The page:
Just as we don’t know why two people get the same infection and one gets sepsis and the other doesn’t, we don’t know why some people are able to fight off COVID-19 with mild symptoms while others develop viral sepsis and become extremely ill or die.

Originally, COVID-19 was deadliest mostly among the very old and those with chronic illnesses, but as the second and subsequent waves occurred, newer variants became stronger and spread faster, the disease caused more serious illness. Healthy young adults and children are becoming sicker with COVID-19 now than they did when the pandemic began. Vaccine hesitancy has resulted in many people in the hospital, fighting COVID-19, to ask for the vaccine when it’s too late.

“I’ve heard there are serious side effects.”

All medications can potentially cause side effects, vaccines included. The most common side effects from the COVID-19 vaccines are pain and redness at the injection site, as well as:

  • Fatigue
  • Fever
  • Muscle pain
  • Nausea
  • Headache
  • Chills

These effects occur as your body responds to the vaccine and are normal. They usually only last a day or two.

There are some potentially serious side effects, but they are rare. They include:

  • Blood clots
  • Shortness of breath
  • Chest pain
  • Easy bruising
  • Inflammation around the heart
  • Guillain-Barre syndrome (GBS)

As of August 23, 2021, there were 44 confirmed reports of a blood clots and 167 possible reports of GBS out of more than 14 million doses of Johnson & Johnson’s vaccine. There were 778 cases of heart inflammation among the more than 363 million doses of the mRNA vaccines and Johnson & Johnson. For comparison, one in every 3,000 healthy women who take birth control pills are at risk of getting blood clots.

“If you can still get COVID after getting a vaccination, what is the point?”

It is true that fully vaccinated people can contract COVID-19. However, the vaccine lowers the risk of the illness becoming so severe that you must go to the hospital. It also reduces the risk of dying from the infection. In some families, some members were vaccinated, others were not. Sadly, there have been news reports of unvaccinated people who were admitted to the intensive care unit and others died, while the vaccinated family members recovered after mild to moderate symptoms.

“Why do I need two shots?”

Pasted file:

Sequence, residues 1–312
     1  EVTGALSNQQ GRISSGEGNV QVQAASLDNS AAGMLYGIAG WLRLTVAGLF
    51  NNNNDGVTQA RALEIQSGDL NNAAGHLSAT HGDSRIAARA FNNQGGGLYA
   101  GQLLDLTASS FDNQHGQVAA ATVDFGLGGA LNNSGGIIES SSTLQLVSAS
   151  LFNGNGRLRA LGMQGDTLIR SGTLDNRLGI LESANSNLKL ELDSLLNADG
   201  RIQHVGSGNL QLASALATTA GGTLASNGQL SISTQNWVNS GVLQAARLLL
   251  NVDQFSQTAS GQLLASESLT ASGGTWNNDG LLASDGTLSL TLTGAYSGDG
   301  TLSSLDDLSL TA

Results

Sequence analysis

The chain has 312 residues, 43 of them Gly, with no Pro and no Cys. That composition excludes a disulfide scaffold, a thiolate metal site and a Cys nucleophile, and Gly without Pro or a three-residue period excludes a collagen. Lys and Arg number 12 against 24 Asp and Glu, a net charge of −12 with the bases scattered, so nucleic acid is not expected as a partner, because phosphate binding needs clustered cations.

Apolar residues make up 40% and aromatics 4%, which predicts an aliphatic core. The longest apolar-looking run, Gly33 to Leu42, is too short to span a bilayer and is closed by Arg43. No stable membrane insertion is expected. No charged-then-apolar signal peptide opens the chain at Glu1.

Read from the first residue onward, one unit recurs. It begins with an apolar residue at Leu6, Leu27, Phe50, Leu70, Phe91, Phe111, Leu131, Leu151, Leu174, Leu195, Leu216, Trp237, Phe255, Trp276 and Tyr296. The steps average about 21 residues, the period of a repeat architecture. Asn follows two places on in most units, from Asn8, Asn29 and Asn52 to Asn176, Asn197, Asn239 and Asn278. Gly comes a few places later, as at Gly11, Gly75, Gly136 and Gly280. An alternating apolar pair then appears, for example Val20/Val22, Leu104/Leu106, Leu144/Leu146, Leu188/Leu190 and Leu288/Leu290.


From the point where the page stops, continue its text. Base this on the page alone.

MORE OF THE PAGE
Many vaccines, including for hepatitis and shingles, require more than one dose. Others, like for tetanus, require boosters. It is common to need more than one shot of a particular vaccine. The first injection provides partial protection only.

“I’m going to wait until the vaccine has been around for longer.”

It is true that the vaccines against the virus that causes COVID-19 are new and this contributes to vaccine hesitancy. But they are not unproven. The research has proven that the currently available vaccines do prevent most cases of severe COVID-19.

As of the end of August 2021, over 5 billion doses of COVID-19 vaccines have been administered around the world. Almost 2 billion people received full vaccination. In the United States, around 365 million people have received at least one dose.

“I can’t afford to take time off if I have a day or two of bad side effects.”

Taking time off work to get a vaccine can be difficult for many people, particularly those in lower paying jobs. Combine work responsibility with family and other issues, it can seem impossible to take the time for a vaccine that could make you sick for a day or two. This can contribute to vaccine hesitancy. That being said, can you afford to be off work for several weeks if you become ill with COVID-19 or have to care for a loved one who is ill? Could you manage being off work for several months if you needed to go through rehab or live with long COVID or post-sepsis syndrome?

If you are concerned about being able to work after the vaccine, try scheduling an appointment before the weekend or a day off. Speak with your manager to see how you can schedule your vaccine with the least amount of stress. Perhaps the staff could rotate when they get their vaccines, should anyone need to take time off.

If you still have questions

If you still have questions about the COVID-19 vaccines and vaccine hesitancy, speak with your doctor. To read more about the infection and what healthcare professionals and researchers are doing to combat it, visit Sepsis and COVID-19, part of the Sepsis Alliance Sepsis and… library. For more information on how vaccines can help prevent sepsis, visit Sepsis and Prevention: Vaccinations.